What are "Splits" - Definition & Explanation

In textile manufacturing, "splits" refer to a specific type of leather material that is derived from the lower layers of a hide. When an animal hide is processed to create leather, it is often split into multiple layers, with the top layer (known as the grain) being the highest quality and most durable. The layers beneath the grain, called splits, have a more fibrous and less uniform texture.

Splits are generally thinner and less durable than the grain layer, but they still possess certain characteristics that make them suitable for various applications in the textile industry. One of the key advantages of splits is their flexibility and pliability, which makes them ideal for producing soft, supple leather goods. They are commonly used in the production of items such as shoes, garments, bags, belts, and upholstery.

The utilization of splits in textile manufacturing offers several benefits. Firstly, splits are often less expensive compared to full-grain leather, making them a cost-effective option for manufacturers who want to achieve a leather-like appearance and feel while keeping production costs in check. Additionally, splits are generally more forgiving in terms of imperfections and can be used to create distressed or textured leather finishes, enhancing their versatility in design applications.

Top users and manufacturers of splits in the textile industry can include footwear companies, leather goods manufacturers, and upholstery producers. Footwear brands often utilize splits for the production of shoes, as the material offers a balance between durability and flexibility, making it suitable for comfortable and stylish footwear. Companies such as Nike, Adidas, and Clarks are examples of footwear brands that incorporate splits into their product lines.

In the leather goods sector, manufacturers of bags, wallets, and belts utilize splits to create a range of designs and finishes. These companies may opt for splits to achieve a softer feel or to introduce unique texture and visual effects to their products. Prominent luxury brands like Gucci, Louis Vuitton, and Coach are known to incorporate splits into their collections, combining them with other materials to create distinctive and fashionable leather goods.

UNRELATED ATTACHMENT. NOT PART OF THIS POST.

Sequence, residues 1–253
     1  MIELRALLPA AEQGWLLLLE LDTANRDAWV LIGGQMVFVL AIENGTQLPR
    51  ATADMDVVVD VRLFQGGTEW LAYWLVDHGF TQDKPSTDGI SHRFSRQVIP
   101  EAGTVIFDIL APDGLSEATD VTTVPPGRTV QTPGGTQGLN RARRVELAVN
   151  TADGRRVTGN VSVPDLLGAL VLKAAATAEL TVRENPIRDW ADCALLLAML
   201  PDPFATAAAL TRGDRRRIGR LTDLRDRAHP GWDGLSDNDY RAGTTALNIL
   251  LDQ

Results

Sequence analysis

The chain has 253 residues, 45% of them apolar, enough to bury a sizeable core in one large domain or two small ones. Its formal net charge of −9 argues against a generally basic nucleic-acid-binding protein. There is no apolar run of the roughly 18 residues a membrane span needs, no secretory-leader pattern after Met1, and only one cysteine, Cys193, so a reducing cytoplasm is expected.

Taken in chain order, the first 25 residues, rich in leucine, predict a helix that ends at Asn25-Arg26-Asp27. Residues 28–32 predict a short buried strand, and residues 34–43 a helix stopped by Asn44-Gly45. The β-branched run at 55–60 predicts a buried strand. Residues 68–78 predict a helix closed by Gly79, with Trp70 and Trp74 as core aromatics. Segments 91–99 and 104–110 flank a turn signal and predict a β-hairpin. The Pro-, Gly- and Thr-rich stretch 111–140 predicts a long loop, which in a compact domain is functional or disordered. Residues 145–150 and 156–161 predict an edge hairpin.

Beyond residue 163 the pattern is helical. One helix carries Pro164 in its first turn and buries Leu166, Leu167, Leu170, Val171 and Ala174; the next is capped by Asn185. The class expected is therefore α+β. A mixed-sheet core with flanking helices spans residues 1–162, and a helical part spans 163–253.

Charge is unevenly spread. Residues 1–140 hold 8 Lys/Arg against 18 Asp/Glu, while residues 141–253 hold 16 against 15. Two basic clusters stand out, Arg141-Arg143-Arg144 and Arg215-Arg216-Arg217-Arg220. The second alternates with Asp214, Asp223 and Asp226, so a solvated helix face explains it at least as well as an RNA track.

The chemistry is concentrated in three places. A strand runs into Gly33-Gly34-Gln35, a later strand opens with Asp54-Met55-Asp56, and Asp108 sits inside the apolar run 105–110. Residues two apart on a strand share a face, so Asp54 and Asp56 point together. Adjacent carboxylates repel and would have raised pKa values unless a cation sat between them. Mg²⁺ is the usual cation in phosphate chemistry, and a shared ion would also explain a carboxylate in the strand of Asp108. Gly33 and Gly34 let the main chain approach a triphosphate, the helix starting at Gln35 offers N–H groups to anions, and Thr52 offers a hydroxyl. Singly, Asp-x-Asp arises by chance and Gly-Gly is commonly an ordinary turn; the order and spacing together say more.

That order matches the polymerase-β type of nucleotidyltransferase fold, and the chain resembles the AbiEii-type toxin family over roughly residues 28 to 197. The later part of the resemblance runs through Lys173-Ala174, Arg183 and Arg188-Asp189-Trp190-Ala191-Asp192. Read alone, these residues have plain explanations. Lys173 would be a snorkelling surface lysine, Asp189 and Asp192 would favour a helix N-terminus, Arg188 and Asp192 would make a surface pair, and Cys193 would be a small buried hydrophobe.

Upholstery is another area where splits find extensive use. They are often employed in the production of furniture, car interiors, and other seating applications. Splits can provide a balance between durability and affordability, making them a popular choice for manufacturers who seek to offer a leather-like aesthetic at a more accessible price point. Furniture manufacturers such as Ashley Furniture Industries and La-Z-Boy are examples of companies that incorporate splits into their upholstery products.

Furthermore, leather processing and tanning companies play a crucial role in the production of splits. These companies specialize in converting raw animal hides into various leather types, including splits. Some notable global manufacturers in the leather industry include JBS S.A., Wollsdorf Leder, and Pittards plc, which provide a range of leather materials, including splits, to cater to the needs of textile manufacturers and brands worldwide.

In summary, splits in the textile industry refer to the lower layers of a processed animal hide, offering flexibility, affordability, and unique visual effects. They find application in footwear, leather goods, and upholstery manufacturing, catering to brands seeking to create products with a leather-like appearance and texture. Prominent users and manufacturers of splits include footwear brands, leather goods manufacturers, and upholstery producers, who value the versatility and cost-effectiveness offered by this material.
Two or more lengths of fabric that are woven side by side and subsequently separated from each other by cutting along lines formed by leaving one or more dents.


Fraying at the cut edges may be prevented by the use of a leno edge (q.v.) or other suitable means.

Some other terms

Some more terms:

Emerised is a textile finishing process that creates a soft, smooth, and velvety surface on fabrics. It involves mechanically abrading the fabric's surface using abrasive materials, such as sandpaper...
The hair of the Angora goat. The long, fine fibers are so smooth and soft that they must be combined with other fibers in weaving.The hair of the Angora rabbit. The fine, lightweight hair is warm,...
Results from uneven wetting out on sanforize; usually caused by defective spray heads. Fabric will appear wavy or puckering when spread on cutting table. Difficult to detect while inspecting on...
A system of manufacturing in which shaped pieces are cut from a layer of fabric and stitched together to form garments. In the case of tubular knitted fabric, the cloth is either cut down one side...
The ability of a cloth to hold or pleat or a crease, which has been intentionally created, through the use of a heat treatment. Heat setting of thermoplastic fibers causes creases to be permanently...

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